Summer showers bring tons of mud tracked into the house. A good doormat can stop dirt at the door. But grime-busting is not the only consideration.

"You want a nice presentation," said Shaun Gordon, manager at Westlake Ace Hardware in Shawnee, Kan. "When someone comes up to your door, the doormat is the last thing they see before they come in your house, because you always look at your feet when you go over the threshold."

Todd Dean, owner of Loma Vista Hardware in Westport, Mo., agreed. "The front porch or entryway sets the tone for the rest of the home," he said. The doormat should be as attractive as possible and harmonize with the rest of the entryway. At the same time, it has to stand up to the weather conditions to which it will be exposed.

"It's a balancing act," Dean said.

Many doormats are made from natural fibers, such as coir, derived from coconut husks; sisal, which comes from a fleshy native Mexican plant; and jute, a fibrous Asian plant used for making rope. These materials handle dirt and mud well but can rot if exposed to excessive moisture.

Rubber, also a natural material, is used alone in industrial doormats or as a non-skid border or backing on fiber mats. It can take a beating but lacks the refined look of natural fibers.

Newer high-tech choices include woven polypropylene that simulates coir; cheesecloth with a protective coating; and coated cast aluminum. All are tough enough for exposed situations.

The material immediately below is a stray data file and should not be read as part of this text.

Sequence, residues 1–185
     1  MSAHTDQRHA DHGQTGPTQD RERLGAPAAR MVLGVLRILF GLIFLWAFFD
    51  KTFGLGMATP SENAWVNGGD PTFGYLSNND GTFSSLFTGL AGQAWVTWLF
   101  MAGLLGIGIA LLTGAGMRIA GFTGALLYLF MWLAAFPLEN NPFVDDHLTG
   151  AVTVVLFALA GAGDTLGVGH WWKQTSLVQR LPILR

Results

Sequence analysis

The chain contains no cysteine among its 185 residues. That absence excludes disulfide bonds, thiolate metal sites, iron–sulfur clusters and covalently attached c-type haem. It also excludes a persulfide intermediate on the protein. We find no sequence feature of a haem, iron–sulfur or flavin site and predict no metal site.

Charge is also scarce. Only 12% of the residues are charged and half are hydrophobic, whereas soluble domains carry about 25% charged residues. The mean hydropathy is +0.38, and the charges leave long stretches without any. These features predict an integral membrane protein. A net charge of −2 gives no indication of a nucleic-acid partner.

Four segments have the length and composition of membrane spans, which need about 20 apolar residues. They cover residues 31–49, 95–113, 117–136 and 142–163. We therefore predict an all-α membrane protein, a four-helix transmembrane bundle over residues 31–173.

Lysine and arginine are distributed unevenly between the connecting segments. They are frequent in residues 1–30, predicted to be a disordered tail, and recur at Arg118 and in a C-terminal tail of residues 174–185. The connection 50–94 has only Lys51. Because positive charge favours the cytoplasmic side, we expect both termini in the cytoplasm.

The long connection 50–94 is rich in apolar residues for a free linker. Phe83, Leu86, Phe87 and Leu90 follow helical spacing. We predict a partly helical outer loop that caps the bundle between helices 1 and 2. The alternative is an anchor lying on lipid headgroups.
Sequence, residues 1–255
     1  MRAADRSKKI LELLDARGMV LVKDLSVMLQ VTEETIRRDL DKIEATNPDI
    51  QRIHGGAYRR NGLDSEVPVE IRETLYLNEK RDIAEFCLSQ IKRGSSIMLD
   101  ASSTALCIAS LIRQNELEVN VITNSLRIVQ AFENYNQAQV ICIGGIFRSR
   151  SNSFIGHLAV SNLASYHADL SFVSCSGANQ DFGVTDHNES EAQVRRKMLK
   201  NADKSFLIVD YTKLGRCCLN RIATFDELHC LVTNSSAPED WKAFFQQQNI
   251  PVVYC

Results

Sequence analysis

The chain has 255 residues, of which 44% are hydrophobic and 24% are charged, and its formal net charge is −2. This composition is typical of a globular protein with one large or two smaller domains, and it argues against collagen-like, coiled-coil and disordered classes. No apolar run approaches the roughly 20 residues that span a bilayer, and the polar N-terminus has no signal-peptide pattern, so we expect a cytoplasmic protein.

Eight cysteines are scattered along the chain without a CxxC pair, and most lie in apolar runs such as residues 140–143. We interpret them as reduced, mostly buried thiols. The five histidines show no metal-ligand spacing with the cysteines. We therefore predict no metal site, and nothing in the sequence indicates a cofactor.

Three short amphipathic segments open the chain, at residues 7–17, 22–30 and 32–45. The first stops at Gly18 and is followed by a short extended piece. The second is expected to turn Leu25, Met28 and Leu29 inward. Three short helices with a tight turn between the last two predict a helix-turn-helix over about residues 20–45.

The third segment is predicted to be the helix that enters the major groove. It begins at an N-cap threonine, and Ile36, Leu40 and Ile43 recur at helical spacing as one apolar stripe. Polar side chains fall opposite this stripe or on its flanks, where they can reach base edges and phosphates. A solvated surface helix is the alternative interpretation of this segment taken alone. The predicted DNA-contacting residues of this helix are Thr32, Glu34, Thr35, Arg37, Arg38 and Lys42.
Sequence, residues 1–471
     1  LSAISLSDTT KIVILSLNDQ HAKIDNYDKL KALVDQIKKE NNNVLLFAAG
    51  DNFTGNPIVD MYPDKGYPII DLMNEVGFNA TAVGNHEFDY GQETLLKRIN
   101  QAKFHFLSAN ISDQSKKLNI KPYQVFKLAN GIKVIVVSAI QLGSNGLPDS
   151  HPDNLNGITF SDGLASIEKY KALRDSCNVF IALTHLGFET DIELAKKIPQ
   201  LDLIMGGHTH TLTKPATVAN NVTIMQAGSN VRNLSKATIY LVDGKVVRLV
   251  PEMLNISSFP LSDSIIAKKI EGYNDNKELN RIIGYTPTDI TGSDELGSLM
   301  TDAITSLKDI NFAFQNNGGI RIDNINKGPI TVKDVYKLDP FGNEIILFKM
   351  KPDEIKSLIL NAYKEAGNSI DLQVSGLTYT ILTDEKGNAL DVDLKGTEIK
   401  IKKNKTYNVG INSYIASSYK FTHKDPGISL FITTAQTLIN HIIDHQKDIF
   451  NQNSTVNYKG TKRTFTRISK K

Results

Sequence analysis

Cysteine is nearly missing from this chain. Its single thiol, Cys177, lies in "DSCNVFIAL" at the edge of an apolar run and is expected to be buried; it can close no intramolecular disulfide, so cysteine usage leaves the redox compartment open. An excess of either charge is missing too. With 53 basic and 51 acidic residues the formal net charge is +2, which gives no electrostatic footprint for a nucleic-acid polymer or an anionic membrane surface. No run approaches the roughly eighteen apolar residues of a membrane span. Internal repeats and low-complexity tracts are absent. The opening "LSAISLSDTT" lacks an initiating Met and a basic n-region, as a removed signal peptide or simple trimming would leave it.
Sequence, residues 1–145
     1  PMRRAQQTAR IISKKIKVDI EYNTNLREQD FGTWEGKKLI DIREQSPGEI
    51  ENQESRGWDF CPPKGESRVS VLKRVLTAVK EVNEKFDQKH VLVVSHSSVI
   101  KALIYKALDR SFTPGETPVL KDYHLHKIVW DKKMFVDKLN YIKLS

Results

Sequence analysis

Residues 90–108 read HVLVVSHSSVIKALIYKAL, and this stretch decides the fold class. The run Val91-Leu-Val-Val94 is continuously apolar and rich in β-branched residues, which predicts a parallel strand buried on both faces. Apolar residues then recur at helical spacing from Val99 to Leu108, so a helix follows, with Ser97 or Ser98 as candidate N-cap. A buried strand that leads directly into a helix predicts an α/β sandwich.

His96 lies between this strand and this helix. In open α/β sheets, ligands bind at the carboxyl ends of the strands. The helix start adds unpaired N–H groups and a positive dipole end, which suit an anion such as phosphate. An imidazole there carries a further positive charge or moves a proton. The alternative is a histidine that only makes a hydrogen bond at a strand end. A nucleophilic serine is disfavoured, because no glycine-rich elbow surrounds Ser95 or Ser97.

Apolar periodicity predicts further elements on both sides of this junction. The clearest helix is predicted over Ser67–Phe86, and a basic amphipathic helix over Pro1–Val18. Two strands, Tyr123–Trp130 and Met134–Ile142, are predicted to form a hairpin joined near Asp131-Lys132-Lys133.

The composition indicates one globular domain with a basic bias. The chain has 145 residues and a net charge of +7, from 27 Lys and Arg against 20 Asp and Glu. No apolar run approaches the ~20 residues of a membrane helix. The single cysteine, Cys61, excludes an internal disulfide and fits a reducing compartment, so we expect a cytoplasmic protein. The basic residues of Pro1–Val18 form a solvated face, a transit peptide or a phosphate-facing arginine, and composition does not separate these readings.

The woven polypropylene is better suited to back doors because it looks like plastic.

Coated cheesecloth is a good choice for homes in urban neighborhoods, but it lacks the necessary scale for a supersized house.

Standard-sized mats (18 by 28 inches) fit standard-sized doors. Oversized and double doors need oversized mats. As a rule of thumb, the mat should be about 80 percent as wide as the door.

Coated cast aluminum has a rustic cottage look that fits both the style and needs of avid gardeners. Jackson & Perkins Co. ( carries a cast-aluminum mat that looks like a mass migration of deeply textured frogs and has large spaces between them for dirt clods to fall through.

Gardeners also should consider placing an attractive boot scraper near the door. New ones are sold at the same places that carry doormats, but better sources are flea markets and antique malls. Vintage boot scrapers are unique, charming and often more durable than new ones.

If your entryway is sheltered, such as a screened porch or an interior hallway for lofts and apartments, your options increase. Dean recommended half-circle looped pile rugs similar to those used in front of fireplaces.

Whatever type you choose, replace or recycle it around to the back of the house when it starts looking ratty. "Those things you don't always think about are the things other people notice," Dean said.